Apple’s Size May Act as a Barrier to Further Share Price Gains

Apple Inc is in danger of becoming such a large portion of the Standard & Poor’s 500 Index that some asset managers may be forced to sell shares due to concentration rules they employ.

Apple may soon make up more than 5 percent of the market capitalization of the benchmark U.S. stock index, if the computer maker continues to appreciate at a faster rate than the broader market. Many funds that track the S&P 500 as a benchmark have restrictions on the size of each of their individual holdings, with 5 percent often the largest allowable allocation for a single security.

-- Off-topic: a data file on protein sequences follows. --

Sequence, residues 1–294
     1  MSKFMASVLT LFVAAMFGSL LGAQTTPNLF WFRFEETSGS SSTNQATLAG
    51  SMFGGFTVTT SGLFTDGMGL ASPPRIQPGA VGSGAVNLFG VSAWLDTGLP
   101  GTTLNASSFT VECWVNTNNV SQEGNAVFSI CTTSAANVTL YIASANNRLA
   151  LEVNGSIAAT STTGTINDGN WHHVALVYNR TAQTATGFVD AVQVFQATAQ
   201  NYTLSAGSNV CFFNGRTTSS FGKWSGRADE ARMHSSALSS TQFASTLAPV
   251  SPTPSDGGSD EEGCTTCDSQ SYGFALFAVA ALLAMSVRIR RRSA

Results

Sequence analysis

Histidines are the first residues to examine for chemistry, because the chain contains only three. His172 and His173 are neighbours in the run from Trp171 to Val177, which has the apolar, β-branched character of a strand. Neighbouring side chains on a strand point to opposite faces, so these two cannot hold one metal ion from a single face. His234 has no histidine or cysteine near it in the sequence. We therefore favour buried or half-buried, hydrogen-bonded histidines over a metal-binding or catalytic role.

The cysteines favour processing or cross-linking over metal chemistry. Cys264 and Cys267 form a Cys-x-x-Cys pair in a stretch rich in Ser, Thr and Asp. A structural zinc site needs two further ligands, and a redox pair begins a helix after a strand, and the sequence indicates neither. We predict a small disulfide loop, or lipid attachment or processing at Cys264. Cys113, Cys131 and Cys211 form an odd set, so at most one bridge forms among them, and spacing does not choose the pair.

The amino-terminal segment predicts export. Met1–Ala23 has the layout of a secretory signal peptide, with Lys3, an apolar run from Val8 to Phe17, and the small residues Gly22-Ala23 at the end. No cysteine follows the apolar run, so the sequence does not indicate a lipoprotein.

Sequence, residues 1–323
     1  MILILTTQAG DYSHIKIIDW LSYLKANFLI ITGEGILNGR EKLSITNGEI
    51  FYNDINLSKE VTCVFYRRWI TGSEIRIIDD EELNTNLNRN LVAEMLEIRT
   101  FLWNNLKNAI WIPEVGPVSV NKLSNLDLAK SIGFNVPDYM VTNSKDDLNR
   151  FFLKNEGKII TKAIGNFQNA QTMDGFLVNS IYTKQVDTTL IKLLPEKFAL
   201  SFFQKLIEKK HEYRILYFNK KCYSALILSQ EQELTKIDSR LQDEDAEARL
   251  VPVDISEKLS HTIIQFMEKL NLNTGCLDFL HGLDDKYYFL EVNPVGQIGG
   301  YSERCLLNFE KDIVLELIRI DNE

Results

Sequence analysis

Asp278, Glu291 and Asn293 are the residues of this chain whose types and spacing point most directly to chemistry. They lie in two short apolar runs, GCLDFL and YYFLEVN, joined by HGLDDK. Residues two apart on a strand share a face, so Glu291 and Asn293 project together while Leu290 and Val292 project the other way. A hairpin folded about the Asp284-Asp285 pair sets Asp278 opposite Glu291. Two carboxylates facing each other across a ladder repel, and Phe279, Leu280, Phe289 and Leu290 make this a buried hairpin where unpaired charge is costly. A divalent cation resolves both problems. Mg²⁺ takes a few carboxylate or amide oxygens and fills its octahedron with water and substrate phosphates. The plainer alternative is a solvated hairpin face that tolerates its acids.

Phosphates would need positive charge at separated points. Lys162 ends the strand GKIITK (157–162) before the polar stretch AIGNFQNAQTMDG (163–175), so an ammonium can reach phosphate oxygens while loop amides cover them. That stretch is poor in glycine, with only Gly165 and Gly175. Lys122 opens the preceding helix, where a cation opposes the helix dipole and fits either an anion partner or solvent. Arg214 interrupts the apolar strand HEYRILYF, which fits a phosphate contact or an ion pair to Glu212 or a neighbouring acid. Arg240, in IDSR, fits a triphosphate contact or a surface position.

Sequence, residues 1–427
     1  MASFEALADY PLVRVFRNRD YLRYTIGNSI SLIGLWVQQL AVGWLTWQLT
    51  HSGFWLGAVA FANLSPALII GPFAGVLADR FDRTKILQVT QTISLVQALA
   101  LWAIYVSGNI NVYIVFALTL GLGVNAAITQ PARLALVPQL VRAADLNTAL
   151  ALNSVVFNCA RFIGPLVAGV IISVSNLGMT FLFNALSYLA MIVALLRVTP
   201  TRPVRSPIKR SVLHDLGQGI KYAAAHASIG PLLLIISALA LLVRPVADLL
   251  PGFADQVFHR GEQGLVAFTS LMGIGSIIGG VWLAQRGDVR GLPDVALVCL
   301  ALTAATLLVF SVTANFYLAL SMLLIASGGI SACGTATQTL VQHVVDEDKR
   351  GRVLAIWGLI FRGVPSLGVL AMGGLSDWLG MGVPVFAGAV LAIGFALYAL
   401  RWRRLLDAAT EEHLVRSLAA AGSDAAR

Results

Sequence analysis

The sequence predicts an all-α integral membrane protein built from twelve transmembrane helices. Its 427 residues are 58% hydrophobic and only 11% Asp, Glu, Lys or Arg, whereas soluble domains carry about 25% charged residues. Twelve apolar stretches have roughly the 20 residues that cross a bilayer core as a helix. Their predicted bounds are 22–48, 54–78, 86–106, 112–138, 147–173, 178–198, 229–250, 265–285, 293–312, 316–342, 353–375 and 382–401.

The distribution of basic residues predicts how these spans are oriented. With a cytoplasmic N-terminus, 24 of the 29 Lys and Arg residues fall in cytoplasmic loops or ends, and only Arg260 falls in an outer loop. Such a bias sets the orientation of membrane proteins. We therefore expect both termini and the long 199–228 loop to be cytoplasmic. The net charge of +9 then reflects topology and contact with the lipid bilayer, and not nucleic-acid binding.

Looking at the daily price chart of Apple we can see how it sold off from the April 10 high of $644 to retrace 38.2 percent of the move higher from the low on Nov. 25, 2011, filling several exhaustion gaps along the way. Since then the share price has recovered and is now trading just below its recent high with a retest of this level likely.

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